Pre-conference workshop program: Tuesday 18 September 2018

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Understanding evaluation contexts

presented by Sarah Mason, Centre for Program Evaluation, The University of Melbourne


Experienced evaluators will say time and again that context matters in evaluation. That there is no universal ‘right way’ to do an evaluation and that evaluation contexts—the settings in which programs, policies and evaluations are situated—necessarily affect the design, implementation and effectiveness of evaluation practice. This is documented in the AES’s evaluator competency framework, which dedicates an entire domain to understanding culture, stakeholders and context. It is also encouraged by evaluation thought leaders who call for ‘context-sensitive’ approaches to evaluation. But what does ‘context’ actually mean? And what pieces of information should an evaluator pay attention to if they are to adapt their practice to fit these contexts?

This half-day workshop is designed to introduce participants to the Framework for Situation Awareness in Program Evaluation: a research-based tool designed to support evaluators in defining, and understanding, the contexts in which they work. Through a combination of mini-lectures and evaluation scenarios, participants will also gain practical experience interpreting real-world evaluation situations, along with feedback based on the real-world outcomes of these scenarios.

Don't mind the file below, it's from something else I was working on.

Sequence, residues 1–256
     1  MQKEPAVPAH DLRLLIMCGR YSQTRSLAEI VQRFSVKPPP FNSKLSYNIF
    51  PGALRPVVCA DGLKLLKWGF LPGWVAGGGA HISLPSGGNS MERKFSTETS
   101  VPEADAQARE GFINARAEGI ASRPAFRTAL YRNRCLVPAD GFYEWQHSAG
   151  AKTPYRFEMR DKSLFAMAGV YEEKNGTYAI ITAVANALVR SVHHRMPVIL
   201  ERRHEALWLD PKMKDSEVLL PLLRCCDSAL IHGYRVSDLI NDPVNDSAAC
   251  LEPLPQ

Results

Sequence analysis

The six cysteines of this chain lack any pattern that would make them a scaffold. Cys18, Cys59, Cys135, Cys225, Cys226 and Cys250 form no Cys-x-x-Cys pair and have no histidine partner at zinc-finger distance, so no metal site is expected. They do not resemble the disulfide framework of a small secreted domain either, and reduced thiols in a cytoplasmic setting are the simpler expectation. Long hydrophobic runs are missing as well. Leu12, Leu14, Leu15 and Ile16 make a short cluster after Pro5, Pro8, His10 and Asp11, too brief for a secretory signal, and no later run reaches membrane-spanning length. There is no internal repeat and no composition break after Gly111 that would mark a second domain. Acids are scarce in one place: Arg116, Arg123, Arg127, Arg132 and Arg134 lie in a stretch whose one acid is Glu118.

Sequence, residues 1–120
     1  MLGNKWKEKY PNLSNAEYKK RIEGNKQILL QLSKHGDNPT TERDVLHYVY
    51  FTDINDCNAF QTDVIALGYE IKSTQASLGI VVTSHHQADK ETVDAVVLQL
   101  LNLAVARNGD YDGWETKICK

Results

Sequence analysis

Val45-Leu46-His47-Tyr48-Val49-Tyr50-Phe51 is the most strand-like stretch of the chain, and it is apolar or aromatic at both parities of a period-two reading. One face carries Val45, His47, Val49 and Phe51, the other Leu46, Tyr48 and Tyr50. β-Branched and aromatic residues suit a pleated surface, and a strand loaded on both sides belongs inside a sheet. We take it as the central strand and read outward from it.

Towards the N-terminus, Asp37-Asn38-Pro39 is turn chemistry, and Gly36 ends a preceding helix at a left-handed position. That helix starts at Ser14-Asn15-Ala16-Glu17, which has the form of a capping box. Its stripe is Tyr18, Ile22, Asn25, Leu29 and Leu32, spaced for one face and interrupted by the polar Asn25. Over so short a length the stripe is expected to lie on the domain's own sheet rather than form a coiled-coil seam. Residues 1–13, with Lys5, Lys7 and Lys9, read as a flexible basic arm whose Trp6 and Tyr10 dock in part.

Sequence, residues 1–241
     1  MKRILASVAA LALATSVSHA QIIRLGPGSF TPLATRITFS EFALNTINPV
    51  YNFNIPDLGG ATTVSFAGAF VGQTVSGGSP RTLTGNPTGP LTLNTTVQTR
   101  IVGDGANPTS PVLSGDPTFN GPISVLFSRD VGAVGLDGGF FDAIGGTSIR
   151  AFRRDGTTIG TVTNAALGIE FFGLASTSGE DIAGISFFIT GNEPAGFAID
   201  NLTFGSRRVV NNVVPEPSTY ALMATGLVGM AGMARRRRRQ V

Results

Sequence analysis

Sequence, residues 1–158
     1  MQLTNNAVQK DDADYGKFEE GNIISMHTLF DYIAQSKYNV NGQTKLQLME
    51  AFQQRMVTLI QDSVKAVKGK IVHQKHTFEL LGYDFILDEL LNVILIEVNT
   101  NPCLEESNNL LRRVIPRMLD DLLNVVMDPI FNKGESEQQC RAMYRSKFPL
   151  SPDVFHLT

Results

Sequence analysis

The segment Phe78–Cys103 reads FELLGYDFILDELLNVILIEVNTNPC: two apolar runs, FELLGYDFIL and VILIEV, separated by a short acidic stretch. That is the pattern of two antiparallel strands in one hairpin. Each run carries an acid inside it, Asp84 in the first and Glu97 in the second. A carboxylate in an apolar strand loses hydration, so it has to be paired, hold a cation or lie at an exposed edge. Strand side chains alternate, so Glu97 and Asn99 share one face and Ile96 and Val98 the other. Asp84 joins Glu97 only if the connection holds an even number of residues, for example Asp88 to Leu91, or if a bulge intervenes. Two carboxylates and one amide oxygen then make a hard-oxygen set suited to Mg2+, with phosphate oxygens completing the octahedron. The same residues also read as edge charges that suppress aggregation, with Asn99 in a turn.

By the end of this workshop participants will be able to:

  • explain the three levels of situation awareness
  • dscuss the Framework for Situation Awareness in Program Evaluation (‘the SA Framework’)
  • identify evaluation-specific situation awareness requirements
  • apply the SA Framework and information requirements when interpreting evaluation situations.

About the presenter: